Ziebell has gone forward. He throws himself at a huge pack and drags in a big mark. Jack is a player that September yearns for. He’s the type that could win that crucial contest at half back late in a game, the type that could lay a game-saving tackle. The type that could have 20 touches and kick four goals on Grand Final day. He stands up here, slotting a goal. Daniher, like Brown, is ungainly, and does things someone of his size shouldn’t be able to do. But he stands a little taller with the forward line to himself. He kicks his third from a snap from the boundary, but it’s Turner who effects a turnover in the forward line leading to a goal to Thomas. These young kids have made a name for themselves. We are robbed of some of the momentum when Tom Bellchambers marks on the boundary line and slots a goal after the siren to give his side a nine point lead at the final break, but North Melbourne are definitely coming hard. You can barely hear anything, such is the excitement.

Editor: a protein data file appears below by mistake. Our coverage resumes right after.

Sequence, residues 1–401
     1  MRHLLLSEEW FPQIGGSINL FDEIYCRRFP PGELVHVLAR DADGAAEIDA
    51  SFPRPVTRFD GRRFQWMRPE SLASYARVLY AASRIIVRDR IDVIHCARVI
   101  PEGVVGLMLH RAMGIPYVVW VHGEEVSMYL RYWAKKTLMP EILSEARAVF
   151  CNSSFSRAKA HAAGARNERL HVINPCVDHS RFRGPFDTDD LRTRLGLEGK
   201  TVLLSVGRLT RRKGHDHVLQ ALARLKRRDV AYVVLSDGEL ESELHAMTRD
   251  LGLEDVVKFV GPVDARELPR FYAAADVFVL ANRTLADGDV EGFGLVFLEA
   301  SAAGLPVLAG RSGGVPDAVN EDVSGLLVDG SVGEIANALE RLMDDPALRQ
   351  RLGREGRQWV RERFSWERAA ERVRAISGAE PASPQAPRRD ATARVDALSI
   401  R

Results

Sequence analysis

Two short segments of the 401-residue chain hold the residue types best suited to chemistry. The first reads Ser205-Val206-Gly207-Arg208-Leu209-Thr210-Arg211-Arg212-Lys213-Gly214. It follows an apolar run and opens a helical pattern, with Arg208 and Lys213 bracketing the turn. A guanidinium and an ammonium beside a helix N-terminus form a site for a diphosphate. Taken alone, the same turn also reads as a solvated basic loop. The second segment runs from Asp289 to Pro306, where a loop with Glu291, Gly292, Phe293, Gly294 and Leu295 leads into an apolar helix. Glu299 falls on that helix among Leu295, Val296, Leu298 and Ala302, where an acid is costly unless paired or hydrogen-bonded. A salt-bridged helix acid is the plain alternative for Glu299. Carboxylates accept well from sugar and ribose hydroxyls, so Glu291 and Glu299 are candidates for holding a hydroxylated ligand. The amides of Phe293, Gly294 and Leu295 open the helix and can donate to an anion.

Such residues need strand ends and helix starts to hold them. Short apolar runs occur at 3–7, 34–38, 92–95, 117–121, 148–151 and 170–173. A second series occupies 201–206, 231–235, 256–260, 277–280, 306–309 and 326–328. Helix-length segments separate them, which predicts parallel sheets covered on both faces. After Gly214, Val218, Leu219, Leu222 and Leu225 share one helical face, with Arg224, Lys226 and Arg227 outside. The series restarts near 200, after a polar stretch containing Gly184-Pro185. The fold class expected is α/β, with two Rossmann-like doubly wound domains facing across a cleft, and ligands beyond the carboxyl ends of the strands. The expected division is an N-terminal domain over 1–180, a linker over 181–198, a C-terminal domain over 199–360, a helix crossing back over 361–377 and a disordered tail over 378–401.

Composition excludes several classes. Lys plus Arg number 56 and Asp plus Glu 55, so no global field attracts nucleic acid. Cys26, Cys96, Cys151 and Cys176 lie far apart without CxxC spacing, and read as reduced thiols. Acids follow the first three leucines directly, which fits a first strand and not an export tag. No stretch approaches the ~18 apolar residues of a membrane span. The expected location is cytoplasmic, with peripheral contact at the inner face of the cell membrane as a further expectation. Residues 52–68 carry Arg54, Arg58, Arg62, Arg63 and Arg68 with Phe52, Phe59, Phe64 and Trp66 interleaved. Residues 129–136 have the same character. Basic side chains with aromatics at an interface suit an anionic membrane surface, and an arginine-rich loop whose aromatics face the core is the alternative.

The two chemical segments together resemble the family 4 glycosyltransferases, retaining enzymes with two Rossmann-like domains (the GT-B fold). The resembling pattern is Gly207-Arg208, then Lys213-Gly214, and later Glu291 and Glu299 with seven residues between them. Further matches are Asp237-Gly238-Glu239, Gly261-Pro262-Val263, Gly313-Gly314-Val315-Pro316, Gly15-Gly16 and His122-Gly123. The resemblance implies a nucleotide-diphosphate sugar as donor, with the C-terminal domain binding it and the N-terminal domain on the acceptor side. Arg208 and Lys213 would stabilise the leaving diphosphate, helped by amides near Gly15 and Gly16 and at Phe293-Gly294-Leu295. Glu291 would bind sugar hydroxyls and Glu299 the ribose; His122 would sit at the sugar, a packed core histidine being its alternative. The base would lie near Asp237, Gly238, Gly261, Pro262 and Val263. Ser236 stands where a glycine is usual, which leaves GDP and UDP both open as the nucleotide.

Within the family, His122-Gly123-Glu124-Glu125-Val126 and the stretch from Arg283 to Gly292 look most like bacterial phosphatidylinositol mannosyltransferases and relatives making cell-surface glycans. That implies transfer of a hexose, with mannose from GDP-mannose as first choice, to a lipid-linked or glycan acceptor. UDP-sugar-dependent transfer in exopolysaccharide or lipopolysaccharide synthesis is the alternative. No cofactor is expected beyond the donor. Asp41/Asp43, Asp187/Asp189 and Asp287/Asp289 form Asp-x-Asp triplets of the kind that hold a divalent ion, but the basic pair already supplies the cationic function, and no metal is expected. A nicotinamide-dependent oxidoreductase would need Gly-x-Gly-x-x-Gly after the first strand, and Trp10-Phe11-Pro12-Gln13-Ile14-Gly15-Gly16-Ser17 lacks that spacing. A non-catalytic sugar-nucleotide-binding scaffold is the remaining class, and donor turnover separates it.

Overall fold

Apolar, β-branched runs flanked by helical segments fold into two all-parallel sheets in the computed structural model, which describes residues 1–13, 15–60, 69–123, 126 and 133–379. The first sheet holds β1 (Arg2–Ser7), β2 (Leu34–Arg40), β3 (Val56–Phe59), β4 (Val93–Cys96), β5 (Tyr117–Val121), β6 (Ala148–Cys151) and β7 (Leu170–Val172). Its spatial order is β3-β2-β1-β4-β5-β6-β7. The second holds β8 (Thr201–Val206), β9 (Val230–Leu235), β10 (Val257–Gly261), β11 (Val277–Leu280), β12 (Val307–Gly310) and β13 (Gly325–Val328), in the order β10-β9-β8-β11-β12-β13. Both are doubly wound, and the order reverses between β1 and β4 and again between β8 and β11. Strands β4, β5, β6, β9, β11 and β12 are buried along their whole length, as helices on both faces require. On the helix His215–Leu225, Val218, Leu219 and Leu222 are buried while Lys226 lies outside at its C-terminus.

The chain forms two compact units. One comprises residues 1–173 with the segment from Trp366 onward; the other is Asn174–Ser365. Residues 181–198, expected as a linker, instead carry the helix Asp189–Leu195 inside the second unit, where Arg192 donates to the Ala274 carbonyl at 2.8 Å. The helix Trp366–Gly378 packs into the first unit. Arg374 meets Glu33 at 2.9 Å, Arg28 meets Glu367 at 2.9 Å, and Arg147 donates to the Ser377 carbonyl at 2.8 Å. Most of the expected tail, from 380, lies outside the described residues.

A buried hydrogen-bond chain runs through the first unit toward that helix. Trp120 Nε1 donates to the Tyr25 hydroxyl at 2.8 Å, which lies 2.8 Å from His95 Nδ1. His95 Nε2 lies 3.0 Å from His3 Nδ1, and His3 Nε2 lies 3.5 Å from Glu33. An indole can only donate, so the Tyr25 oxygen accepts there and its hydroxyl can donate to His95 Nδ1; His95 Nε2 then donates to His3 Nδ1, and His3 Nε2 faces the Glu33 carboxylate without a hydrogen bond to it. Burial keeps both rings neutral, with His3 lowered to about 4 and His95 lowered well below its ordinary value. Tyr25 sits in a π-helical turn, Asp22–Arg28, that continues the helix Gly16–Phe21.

The final quarter begins. My leg can’t stop shaking. I have the shivers from nerves. North are kicking our way. It isn’t long before I’m on my feet screaming and shouting, with Brown given a free 40 metres from goal. With his superb run-up, he slots his fourth goal, a career-high, and celebrates hard. Up the other end, Daniher returns serve with an impressive shot from the boundary line, also equaling a career-high four goals. Turner starts having an influence in the middle, while Aaron Black, quiet for most of the night, shows his superior fitness by working up the ground and providing a valuable link for the midfield. A long ball into our forward line meant for Ziebell drops out the back to an unmarked Ben Cunnington, who wanders in and kicks a goal and he celebrates with a raised arm, muscles flexed at the crowd. A man of not much emotion, it gets the North faithful up and about. Thomas has the chance to put us in front but misses, but soon has it back in his hands after copping another free kick for high contact. Purely coincidental, right? Whatever the matter, he slotted it to give us the lead for the first time all evening. We are in front but there is still far too much time left to get comfortable. The minutes tick by, and I feel more uneasy. I just know the Bombers will come again.